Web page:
Extreme burdens during childhood with sustained stress, as well as often experiences of trauma, can lead to the development of a borderline personality disorder in certain personalities. This personality disorder is characterised by instability of self-image, massive mood swings and a strategy of self-harm in order to feel better.


Physical complications

In addition, chronic stress also increases the risk of a number of serious physical illnesses, such as

  • Cardiovascular disease
  • Diabetes
  • Allergies
  • Autoimmune diseases
  • Bronchial asthma
  • Migraines
  • Back pain
  • Irritable bowel syndrome
  • Gastritis
  • Tinnitus
  • Sudden hearing loss
  • Impotence
  • Infertility
  • Obesity


Which therapies exist for chronic stress?

The list of negative effects of chronic stress on physical and mental health is long and diverse. In the worst case, chronic stress can even be fatal. It is therefore extremely important to intervene as early as possible and start a comprehensive treatment. Conventional medicine primarily prescribes the use of behaviour therapy as well as the application of relaxation techniques and medication.


We do it differently!


Since not only the causes, but also the effects of chronic stress are individually very different and complex, the CALDA Clinic relies on a multi-modal approach when treating chronic stress. This is a holistic approach where particularly effective and proven therapy methods from different specialist disciplines are finely coordinated and combined with one another.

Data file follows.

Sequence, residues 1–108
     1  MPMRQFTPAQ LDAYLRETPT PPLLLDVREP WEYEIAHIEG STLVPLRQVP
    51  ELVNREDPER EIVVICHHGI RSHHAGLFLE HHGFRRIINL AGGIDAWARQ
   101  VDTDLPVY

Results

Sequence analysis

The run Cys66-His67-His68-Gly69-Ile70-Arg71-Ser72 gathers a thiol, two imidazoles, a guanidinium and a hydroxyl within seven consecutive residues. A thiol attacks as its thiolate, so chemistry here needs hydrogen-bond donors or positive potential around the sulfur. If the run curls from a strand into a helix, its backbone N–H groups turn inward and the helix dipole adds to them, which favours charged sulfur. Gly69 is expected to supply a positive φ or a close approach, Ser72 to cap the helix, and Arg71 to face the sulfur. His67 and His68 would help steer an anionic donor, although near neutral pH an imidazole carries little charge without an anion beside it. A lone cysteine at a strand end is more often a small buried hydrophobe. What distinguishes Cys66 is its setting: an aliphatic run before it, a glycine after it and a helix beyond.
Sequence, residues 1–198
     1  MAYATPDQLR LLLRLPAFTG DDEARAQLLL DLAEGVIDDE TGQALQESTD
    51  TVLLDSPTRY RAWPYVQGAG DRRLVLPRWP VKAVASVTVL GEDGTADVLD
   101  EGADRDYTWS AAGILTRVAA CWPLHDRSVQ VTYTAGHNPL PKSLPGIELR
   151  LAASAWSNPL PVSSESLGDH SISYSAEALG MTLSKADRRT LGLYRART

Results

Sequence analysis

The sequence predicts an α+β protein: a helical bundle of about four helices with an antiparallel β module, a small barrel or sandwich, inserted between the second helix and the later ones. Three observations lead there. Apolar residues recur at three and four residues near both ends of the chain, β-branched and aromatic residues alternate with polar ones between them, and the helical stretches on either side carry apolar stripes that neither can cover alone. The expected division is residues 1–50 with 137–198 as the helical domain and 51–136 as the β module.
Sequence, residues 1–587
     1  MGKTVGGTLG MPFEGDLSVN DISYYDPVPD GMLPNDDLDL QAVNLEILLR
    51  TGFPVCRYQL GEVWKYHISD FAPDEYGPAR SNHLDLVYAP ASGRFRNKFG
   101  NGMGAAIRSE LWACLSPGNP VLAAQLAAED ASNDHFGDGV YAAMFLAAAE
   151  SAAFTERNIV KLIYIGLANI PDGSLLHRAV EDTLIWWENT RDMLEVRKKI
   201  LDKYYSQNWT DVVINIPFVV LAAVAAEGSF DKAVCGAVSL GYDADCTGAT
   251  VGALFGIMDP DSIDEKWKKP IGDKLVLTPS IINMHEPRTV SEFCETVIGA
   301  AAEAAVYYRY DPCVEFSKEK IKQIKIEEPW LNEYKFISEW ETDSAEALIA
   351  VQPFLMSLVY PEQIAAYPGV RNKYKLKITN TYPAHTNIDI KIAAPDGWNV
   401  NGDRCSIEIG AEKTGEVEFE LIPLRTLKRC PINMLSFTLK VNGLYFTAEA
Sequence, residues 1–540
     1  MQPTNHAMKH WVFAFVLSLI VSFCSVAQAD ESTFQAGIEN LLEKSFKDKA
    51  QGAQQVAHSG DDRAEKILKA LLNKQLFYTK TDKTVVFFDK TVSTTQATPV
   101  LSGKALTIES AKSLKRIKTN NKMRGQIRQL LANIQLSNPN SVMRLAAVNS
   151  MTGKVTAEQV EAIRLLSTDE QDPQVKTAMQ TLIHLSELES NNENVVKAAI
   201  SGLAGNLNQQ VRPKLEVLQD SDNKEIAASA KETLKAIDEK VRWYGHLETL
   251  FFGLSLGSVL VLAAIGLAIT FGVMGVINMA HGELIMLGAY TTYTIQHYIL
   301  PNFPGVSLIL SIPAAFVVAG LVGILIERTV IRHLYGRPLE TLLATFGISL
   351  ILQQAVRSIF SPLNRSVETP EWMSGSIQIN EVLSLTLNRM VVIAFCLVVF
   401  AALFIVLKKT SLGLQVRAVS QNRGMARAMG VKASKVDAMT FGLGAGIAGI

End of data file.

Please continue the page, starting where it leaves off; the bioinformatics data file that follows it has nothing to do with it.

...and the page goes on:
The CALDA Concept: Let us help you!


As a client of the CALDA Clinic, you will receive a 1:1 therapy specially tailored to your needs according to the CALDA Concept. This is a tailor-made and highly effective precision therapy that is holistically oriented: Scientifically-based methods from classical medicine are combined with specially tested treatment methods from complementary medicine, traditional Chinese medicine (TCM) and orthomolecular medicine.


Your advantage: Treatment with the CALDA Concept works very effectively on different levels of the organism and is extremely solution-oriented. As a result, amazing results can be achieved within a short time – and usually without the use of psychiatric drugs!


The CALDA Concept

Our motto and our promise to you:

We treat the causes, not the symptoms!

Wherever possible, we work without the use of psychiatric drugs!

We dedicate our time and our extensive expertise exclusively to one single client.


The CALDA Concept: Every therapy starts with the correct diagnosis

Every treatment according to the CALDA Concept is based on a comprehensive and extremely detailed diagnosis. This is the only way to meticulously uncover and specifically treat the underlying causes and disease contexts, which otherwise unfortunately often remain hidden.


The CALDA Concept: Our expertise for your health!

You can read about all the advantages, content and processes of the CALDA Concept here.

You can also find out more about the contents of the various programmes of the CALDA Concept here in detail.


If you are suffering symptoms as a result of chronic stress, we recommend that you participate in the CALDA Full Program.